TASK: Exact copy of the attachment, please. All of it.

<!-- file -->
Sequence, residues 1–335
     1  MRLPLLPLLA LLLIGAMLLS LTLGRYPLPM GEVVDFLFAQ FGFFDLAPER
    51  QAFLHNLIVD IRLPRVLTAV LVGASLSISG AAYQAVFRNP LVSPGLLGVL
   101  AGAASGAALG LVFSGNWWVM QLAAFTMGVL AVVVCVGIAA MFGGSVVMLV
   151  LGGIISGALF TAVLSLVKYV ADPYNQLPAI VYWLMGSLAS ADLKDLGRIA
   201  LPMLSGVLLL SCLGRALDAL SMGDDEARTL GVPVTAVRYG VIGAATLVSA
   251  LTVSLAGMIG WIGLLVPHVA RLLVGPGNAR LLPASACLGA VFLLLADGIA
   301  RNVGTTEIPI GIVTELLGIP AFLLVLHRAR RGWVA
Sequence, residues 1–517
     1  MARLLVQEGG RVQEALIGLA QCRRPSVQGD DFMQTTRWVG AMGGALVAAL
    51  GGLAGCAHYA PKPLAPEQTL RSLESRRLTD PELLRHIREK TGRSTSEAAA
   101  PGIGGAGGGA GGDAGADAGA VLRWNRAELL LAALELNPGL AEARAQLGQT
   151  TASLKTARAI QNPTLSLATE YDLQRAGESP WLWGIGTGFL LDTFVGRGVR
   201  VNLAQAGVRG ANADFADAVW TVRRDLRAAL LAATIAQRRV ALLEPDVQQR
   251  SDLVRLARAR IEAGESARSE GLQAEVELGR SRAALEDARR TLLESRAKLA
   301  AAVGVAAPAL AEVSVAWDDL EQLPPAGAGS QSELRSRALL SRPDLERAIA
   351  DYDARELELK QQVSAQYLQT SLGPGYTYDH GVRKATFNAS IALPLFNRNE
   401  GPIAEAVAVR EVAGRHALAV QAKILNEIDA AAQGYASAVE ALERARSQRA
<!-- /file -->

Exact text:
Sequence, residues 1–335
     1  MRLPLLPLLA LLLIGAMLLS LTLGRYPLPM GEVVDFLFAQ FGFFDLAPER
    51  QAFLHNLIVD IRLPRVLTAV LVGASLSISG AAYQAVFRNP LVSPGLLGVL
   101  AGAASGAALG LVFSGNWWVM QLAAFTMGVL AVVVCVGIAA MFGGSVVMLV
   151  LGGIISGALF TAVLSLVKYV ADPYNQLPAI VYWLMGSLAS ADLKDLGRIA
   201  LPMLSGVLLL SCLGRALDAL SMGDDEARTL GVPVTAVRYG VIGAATLVSA
   251  LTVSLAGMIG WIGLLVPHVA RLLVGPGNAR LLPASACLGA VFLLLADGIA
   301  RNVGTTEIPI GIVTELLGIP AFLLVLHRAR RGWVA
Sequence, residues 1–517
     1  MARLLVQEGG RVQEALIGLA QCRRPSVQGD DFMQTTRWVG AMGGALVAAL
    51  GGLAGCAHYA PKPLAPEQTL RSLESRRLTD PELLRHIREK TGRSTSEAAA
   101  PGIGGAGGGA GGDAGADAGA VLRWNRAELL LAALELNPGL AEARAQLGQT
   151  TASLKTARAI QNPTLSLATE YDLQRAGESP WLWGIGTGFL LDTFVGRGVR
   201  VNLAQAGVRG ANADFADAVW TVRRDLRAAL LAATIAQRRV ALLEPDVQQR
   251  SDLVRLARAR IEAGESARSE GLQAEVELGR SRAALEDARR TLLESRAKLA
   301  AAVGVAAPAL AEVSVAWDDL EQLPPAGAGS QSELRSRALL SRPDLERAIA
   351  DYDARELELK QQVSAQYLQT SLGPGYTYDH GVRKATFNAS IALPLFNRNE
   401  GPIAEAVAVR EVAGRHALAV QAKILNEIDA AAQGYASAVE ALERARSQRA